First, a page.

“There can be no Church,” we hear Calvin saying to himself, “where the truth is not. Here, in the Roman Communion, I can find only fables, silly inventions, manifest falsehoods, and idolatrous ceremonies. The society that is founded on these things cannot be the Church. If I shall come back to the truth, as contained in the Scriptures, will I not come back to the Church and will I not be joined to the holy company of prophets and apostles, of saints and martyrs? And as regards the Pope, the Vicar of Jesus Christ, let me not be awed by a big word. If without warrant from the Bible, or the call of the Christian people, and lacking the holiness and humility of Christ, the Pope place himself above the Church, and surround himself with worldly pomp and arrogate lordship over the faith and consciences of men, is he therefore entitled to homage, and must I bow down and do obeisance? The Pope,” concluded Calvin, “is but a scarecrow, dressed out in magnificence and fulminations. I will go on my way without minding him.” In fine, Calvin concluded that the term “Church” could not make the society that monopolised the term really “the Church.” High- sounding titles and lofty assumptions could give neither unity nor authority; these could come from the truth alone; and so he abandoned “the Church” that he might enter the Church, the Church of the Bible that is. The victory was now complete. The last link of Rome’s chain had been rent from his soul; the huge phantasmagoria which hadawed and terrified him had been dissolved, and he stood up in the liberty wherewith Christ had made him free. Here truly was rest after a great fight, a sweet and blessed dawn after a night of thick darkness and tempest.
Thus was fought one of the great battles of the world. When one thinks of what was won for mankind upon this field, one feels its issues important beyond all calculation, and would rather have conquered upon it than have won all the victories and worn all the laurels of Caesar and Alexander. The day of Calvin’s conversion is not known, but the historian D’Aubigne, to whose research the world is indebted for its full and exact knowledge of the event, has determined the year, 1527; and the place, Paris that city where some of the saints of God had already been put to death, and where, in years to come, their blood was to be poured out like water. The day of Calvin’s conversion is one of the memorable days of time.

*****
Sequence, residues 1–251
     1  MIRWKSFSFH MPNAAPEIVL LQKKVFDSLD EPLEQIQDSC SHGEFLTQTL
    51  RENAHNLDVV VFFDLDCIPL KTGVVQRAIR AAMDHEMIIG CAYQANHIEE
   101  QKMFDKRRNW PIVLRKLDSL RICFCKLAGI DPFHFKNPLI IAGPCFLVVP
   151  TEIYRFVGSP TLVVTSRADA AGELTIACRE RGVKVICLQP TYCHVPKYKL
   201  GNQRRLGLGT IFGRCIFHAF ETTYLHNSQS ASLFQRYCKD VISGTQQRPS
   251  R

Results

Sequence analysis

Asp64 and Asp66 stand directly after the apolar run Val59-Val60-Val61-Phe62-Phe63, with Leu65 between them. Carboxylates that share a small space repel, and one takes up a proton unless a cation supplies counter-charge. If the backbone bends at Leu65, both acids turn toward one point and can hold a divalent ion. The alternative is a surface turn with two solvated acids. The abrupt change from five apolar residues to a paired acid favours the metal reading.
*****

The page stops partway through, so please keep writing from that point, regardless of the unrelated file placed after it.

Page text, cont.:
Calvin on God’s Law
The victory was complete and John Calvin’s heart was captivated by the truth. As we consider the life and ministry of John Calvin this is something that needs to be kept in mind. There began at this point a very deep and resolute relationship with God, his heart was God’s from this time on, his love for God and truth, affected everything that John Calvin did from then on, and in terms of his ministry and his own life, everything he did came from this source, this basis, this relationship that began with the true and living God. There was a reticence with him to take up preaching, he was of a shy and bashful disposition and his prominence was certainly not of his choice. But it is said that as he began to evangelise in Paris at that time, going from house to house and preaching the gospel to anyone who would listen, it was said of him that he didn’t just produce professors but martyrs, disciples, ready for the fire. It is worth our stopping and considering in the light of this, what it is that we, today, are producing in our churches. Calvin said, “the Christian is a person who loves the word of God, he has an unfeigned love for God’s Law and this is the evidence for, of his adoption, of the Holy Spirit’s work in his heart, because says Calvin, the one who despises the word of God, reveals a heart that is hardened. It is tantamount, he says, to despising God himself. When the Law of God is written in the heart by the Holy Spirit it will rule a person’s life, and their life will be the more and more conformed to that Law, by that word through the process of sanctification. In his theology, Calvin didn’t separate the Law and the gospel but he does very carefully distinguish the one from the other. “For Law without the gospel”, he says, “kills, but there is no gospel without Law”. It is the Law that reveals the sinfulness of man and reveals man’s need of the grace of God in Christ. And again, surely this is an area in preaching, that is essentially lacking in today’s church, preaching of the divine Law. By Law of course, we’re referring to the moral code, a summary of which we have in the Ten Words, or Commandments. Calvin taught that the divine Law had a threefold purpose. It was pedagogical, educational that is, political and a pattern for the believer’s life.